Women - Coming Back to the Original Blueprint - Part 3
Jesus - changing it all!
This article is part 3 in a series. If you haven’t read the other articles you can start with Part 1 here. In this article we’ll look at how Jesus viewed women and the place He gave them in His Kingdom.
God challenges the ruling beliefs
I love how God challenged and overturned the ruling beliefs of the day when Jesus was born. Aristotle was one of the more influential men in ancient society, and his beliefs about the human body would form the basis of medical belief and practice for many centuries. One of his beliefs was that women had no part to play in the reproductive process apart from being an incubator for humans to grow in. He believed that inside man’s brain were perfectly formed miniscule human beings, called homuncules, that were sent down a man’s spine and out through the penis to be implanted into women, where they would then grow to full term. Greek mythology and religious belief also promoted a similar belief, in that they claimed that the goddess Athena was born without the aid of a woman from the brain of Zeus (she grew fully formed in his head) and woman had no part in her birth at all. Because of that and her being the offspring of Zeus, Athena was considered a goddess and worthy of worship. But in Jesus’ conception and birth, God challenged and overturned that in a beautiful way through Mary’s conception and the subsequent birth of Christ, where Christ is conceived and born without the aid of a male in the creation process. So right from the very start of His earthly life we see the Trinity, in Jesus, overturning beliefs about women and their role in life and society.
Subsequently, in Scripture, Jesus is called ‘the son of man’. The word man used here is the word “anthropos” which means “mankind”, not the word for “man” as in the male of the species which is “anar”. So Jesus is called the son of mankind (male and female); and as we’ve seen earlier in this series "mankind" (Adam) was the shared description given to both the original man and woman that God created. Here again, we see that God is setting right society's wrong beliefs about a women's place in the reproductive process.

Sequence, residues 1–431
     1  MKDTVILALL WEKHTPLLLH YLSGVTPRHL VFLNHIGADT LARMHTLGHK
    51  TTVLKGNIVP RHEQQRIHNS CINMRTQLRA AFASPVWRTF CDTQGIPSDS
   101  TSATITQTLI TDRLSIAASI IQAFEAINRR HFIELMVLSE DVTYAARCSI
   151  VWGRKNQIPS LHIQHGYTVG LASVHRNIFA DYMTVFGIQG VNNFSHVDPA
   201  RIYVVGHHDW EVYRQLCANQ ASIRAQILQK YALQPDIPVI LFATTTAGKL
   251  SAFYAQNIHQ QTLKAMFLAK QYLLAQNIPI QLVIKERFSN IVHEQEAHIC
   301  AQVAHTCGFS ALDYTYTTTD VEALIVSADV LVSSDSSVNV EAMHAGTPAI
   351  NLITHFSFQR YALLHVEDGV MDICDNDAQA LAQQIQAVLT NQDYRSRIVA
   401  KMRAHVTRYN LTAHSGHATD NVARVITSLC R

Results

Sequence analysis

Jesus’ life and ministry
Throughout His life and ministry Jesus honoured women and gave them equal place to follow Him, learn from Him and be commissioned by Him, giving them assignments of equal weight with men that would further His Kingdom in the earth. Jesus’ permanent entourage included many women who travelled with Him, learned from Him, and also helped support His ministry financially (Luke 8:1-3). Women learnt from Him as disciples – something that had been denied them for centuries. For example, Mary was one such woman who sat at His feet to learn in the culturally recognised mentor, pupil position of learning. She was a formal disciple of Jesus. (Luke 10:38,39)
Jesus honoured women and treated them as equals in all His dealings with them. Luke 13 is a passage that demonstrates that and is a wonderful example of His restoration of women to their rightful place. Here Jesus calls the crippled woman out of the women’s court in the synagogue into the men’s court to heal her. In Moses’ original tabernacle there were just two courts – an inner court, which held the Holy of Holies, and an outer court; that’s all. By Jesus’ time Herod had put in a men’s court , a women’s court, and a gentile’s court. Their synagogues had likewise been divided into a men’s court and a women’s court. These divisions were a man made one, not a God made one!